Stephen Schiff in The New York Times van 4 januari 1987: ‘The quirky richness of Paul Auster’s Locked Room took me by surprise. This is the final volume in his New York Trilogy, and the first two, City of Glass and Ghosts, left a sour, medicinal taste, as if I had swallowed something terribly good for me but not very toothsome. Widely lauded as postmodern and postexistentialist and post a few other things, these two slender novels turn the detective genre into something tonier: the gumshoes in their chilly pages keep meeting doppelgangers and spitting out references to Don Quixote and Hawthorne and Thoreau. And the more they stalk their eccentric quarry, the more they seem actually to be stalking the Big Questions – the implications of authorship, the enigmas of epistemology, the veils and masks of language.’ Ik ben het niet helemaal met Schiff eens, maar in zijn recensie (hier terug te lezen) beschrijft hij wel mooi hoe Auster een sprong maakt richting de ‘echte’ literatuur. Of die sprong altijd even succesvol is geweest (in literaire zin) valt, helaas, te bezien. Een fragment uit deel 1 (City of glass) staat hier. Een fragment uit Ghosts daar. Hieronder een fragment uit The locked room:
Several days went by before I found the courage to open the suitcases. I finished the article I was working on, I went to the movies, I accepted invitations I normally would have turned down. These tactics did not fool me, however. Too much depended on my response, and the possibility of being disappointed was something I did not want to face. There was no difference in my mind between giving the order to destroy Fanshawe’s work and killing him with my own hands. I had been given the power to obliterate, to steal a body from its grave and tear it to pieces. It was an intolerable position to be in, and I wanted no part of it. As long as I left the suitcases untouched, my conscience would be spared. On the other hand, I had made a promise, and I knew that I could not delay forever. It was just at this point (gearing myself up, getting ready to do it) that a new dread took hold of me. If I did not want Fanshawe’s work to be bad, I discovered, I also did not want it to be good. This is a difficult feeling for me to explain. Old rivalries no doubt had something to do with it, a desire not to be humbled by Fanshawe’s brilliance—but there was also a feeling of being trapped. I had given my word. Once I opened the suitcases, I would become Fanshawe’s spokesman—and I would go on speaking for him, whether I liked it or not. Both possibilities frightened me. To issue a death sentence was bad enough, but working for a dead man hardly seemed better. For several days I moved back and forth between these fears, unable to decide which one was worse. In the end, of course, I did open the suitcases. But by then it probably had less to do with Fanshawe than it did with Sophie. I wanted to see her again, and the sooner I got to work, the sooner I would have a reason to call her.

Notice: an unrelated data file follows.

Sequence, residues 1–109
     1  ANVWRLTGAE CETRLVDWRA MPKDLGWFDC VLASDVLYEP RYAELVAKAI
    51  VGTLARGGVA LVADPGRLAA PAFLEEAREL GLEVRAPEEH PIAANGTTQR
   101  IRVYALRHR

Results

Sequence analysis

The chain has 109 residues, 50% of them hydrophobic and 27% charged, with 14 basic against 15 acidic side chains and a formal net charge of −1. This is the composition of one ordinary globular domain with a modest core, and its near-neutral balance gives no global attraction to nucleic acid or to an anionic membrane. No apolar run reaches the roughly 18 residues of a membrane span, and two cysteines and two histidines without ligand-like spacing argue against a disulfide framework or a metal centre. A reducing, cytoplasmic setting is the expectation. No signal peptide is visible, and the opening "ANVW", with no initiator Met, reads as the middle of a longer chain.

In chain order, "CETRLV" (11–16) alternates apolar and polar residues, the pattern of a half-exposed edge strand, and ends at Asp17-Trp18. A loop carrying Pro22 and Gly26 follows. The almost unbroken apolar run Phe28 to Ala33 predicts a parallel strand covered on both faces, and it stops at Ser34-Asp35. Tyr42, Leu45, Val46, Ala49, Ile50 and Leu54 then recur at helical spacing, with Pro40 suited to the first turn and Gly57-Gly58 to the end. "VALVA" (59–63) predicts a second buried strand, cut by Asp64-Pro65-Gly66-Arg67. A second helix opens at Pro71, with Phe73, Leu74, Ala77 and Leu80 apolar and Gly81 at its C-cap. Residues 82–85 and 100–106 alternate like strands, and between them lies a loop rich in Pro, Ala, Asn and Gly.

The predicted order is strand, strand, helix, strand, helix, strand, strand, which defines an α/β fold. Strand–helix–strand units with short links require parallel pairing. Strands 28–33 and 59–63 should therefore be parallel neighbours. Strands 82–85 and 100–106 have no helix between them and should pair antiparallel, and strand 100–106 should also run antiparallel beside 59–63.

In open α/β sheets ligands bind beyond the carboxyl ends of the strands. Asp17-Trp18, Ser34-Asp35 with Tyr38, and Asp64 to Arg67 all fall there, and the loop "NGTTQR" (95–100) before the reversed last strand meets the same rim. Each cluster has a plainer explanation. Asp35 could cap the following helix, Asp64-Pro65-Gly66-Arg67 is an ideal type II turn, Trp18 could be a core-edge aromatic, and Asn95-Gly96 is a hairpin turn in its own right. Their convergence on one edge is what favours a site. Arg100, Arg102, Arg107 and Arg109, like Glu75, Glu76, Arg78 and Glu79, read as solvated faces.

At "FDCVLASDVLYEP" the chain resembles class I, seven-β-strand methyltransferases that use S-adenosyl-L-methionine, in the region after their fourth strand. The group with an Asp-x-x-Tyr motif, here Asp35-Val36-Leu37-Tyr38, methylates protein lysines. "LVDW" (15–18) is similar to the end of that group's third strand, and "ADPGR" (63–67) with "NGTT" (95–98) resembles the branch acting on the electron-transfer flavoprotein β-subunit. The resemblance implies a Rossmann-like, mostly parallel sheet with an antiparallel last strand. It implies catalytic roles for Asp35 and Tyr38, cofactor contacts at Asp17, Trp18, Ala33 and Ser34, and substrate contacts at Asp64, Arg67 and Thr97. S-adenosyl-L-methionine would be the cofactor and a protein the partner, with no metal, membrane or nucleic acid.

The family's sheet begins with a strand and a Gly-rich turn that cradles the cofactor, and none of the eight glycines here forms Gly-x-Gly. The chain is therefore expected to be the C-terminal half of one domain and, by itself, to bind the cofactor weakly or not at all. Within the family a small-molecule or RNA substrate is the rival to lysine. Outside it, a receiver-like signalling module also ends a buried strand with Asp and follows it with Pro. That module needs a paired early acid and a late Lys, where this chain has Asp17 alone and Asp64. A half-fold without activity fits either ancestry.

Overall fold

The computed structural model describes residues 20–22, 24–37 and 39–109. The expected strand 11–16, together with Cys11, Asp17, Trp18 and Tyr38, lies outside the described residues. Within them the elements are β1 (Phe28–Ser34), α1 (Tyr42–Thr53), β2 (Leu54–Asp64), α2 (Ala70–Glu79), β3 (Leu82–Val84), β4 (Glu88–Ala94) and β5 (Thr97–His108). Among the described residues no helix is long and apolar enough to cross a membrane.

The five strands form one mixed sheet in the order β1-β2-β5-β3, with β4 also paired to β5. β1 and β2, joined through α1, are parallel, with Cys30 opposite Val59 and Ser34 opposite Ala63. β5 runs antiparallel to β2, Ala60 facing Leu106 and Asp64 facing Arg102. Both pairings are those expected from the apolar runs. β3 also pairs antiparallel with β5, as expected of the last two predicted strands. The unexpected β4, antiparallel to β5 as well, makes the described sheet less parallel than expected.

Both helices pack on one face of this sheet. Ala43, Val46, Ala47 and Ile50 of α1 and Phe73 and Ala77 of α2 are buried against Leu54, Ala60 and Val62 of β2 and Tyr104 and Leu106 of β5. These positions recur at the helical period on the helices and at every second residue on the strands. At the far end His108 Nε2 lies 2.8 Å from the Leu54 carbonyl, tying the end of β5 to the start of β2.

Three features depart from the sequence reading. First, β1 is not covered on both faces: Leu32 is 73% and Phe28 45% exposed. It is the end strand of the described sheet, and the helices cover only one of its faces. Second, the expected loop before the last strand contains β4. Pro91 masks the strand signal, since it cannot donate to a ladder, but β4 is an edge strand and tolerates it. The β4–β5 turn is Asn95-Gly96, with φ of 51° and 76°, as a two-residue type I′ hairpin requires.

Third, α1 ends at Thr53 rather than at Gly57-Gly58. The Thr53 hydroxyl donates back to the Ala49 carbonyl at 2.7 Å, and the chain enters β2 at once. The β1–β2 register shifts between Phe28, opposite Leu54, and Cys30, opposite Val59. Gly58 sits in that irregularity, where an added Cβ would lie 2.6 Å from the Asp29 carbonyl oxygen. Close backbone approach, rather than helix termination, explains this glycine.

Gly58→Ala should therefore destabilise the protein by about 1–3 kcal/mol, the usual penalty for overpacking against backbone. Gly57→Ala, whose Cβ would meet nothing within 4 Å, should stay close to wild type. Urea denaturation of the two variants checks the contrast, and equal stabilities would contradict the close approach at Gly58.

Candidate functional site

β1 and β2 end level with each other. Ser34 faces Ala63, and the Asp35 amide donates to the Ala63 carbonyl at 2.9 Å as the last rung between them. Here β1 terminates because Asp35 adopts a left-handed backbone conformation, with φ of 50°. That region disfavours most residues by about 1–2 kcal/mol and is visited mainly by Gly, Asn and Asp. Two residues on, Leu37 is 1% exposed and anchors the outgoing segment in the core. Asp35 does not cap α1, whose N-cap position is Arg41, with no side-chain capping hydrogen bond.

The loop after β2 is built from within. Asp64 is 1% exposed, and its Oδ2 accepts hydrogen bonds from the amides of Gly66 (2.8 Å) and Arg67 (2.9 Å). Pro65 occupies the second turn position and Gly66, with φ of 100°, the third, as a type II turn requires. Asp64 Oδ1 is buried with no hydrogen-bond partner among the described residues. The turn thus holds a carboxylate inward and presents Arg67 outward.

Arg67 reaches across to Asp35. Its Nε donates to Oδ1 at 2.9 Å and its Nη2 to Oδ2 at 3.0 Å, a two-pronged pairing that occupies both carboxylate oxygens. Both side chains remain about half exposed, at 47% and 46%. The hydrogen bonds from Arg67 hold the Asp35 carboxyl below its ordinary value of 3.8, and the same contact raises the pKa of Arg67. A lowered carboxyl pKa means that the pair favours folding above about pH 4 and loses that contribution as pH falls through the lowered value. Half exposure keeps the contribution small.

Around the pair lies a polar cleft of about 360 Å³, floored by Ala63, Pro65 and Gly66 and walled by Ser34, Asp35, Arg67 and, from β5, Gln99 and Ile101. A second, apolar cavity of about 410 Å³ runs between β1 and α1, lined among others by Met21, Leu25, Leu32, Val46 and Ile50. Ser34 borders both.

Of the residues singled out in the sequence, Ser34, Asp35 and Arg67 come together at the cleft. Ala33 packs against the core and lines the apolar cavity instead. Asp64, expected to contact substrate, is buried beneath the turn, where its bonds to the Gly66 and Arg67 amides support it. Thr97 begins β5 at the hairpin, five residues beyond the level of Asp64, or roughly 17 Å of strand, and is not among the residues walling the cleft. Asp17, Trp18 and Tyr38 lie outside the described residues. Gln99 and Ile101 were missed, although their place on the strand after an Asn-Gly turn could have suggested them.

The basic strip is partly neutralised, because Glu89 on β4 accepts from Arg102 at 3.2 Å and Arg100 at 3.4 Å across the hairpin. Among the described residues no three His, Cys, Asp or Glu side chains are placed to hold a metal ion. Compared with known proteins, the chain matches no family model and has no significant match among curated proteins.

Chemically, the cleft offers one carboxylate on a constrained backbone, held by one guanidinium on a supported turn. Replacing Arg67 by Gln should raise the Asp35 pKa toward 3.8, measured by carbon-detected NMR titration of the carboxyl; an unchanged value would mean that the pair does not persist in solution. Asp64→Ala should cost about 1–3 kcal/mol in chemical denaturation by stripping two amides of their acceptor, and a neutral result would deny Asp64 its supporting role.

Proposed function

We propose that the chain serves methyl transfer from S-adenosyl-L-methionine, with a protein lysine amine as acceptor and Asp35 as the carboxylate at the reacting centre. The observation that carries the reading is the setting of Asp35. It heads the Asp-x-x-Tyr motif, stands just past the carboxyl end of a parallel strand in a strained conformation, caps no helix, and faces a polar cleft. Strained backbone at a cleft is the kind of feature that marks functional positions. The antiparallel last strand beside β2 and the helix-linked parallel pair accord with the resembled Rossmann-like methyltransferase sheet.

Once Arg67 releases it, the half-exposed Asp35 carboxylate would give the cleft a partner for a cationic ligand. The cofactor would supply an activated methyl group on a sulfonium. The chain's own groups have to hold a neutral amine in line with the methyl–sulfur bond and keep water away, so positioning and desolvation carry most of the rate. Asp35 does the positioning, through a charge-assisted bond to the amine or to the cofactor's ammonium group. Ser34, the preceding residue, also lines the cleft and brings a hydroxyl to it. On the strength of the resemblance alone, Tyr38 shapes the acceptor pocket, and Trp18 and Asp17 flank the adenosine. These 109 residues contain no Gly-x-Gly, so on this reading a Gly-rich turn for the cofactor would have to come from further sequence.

I am not planning to go into any details here. By now, everyone knows what Fanshawe’s work is like. It has been read and discussed, there have been articles and studies, it has become public property. If there is anything to be said, it is only that it took me no more than an hour or two to understand that my feelings were quite beside the point. To care about words, to have a stake in what is written, to believe in the power of books—this overwhelms the rest, and beside it one’s life becomes very small. I do not say this in order to congratulate myself or to put my actions in a better light. I was the first, but beyond that I see nothing to set me apart from anyone else. If Fanshawe’s work had been any less than it was, my role would have been different—more important, perhaps, more crucial to the outcome of the story. But as it was, I was no more than an invisible instrument. Something had happened, and short of denying it, short of pretending I had not opened the suitcases, it would go on happening, knocking down whatever was in front of it, moving with a momentum of its own.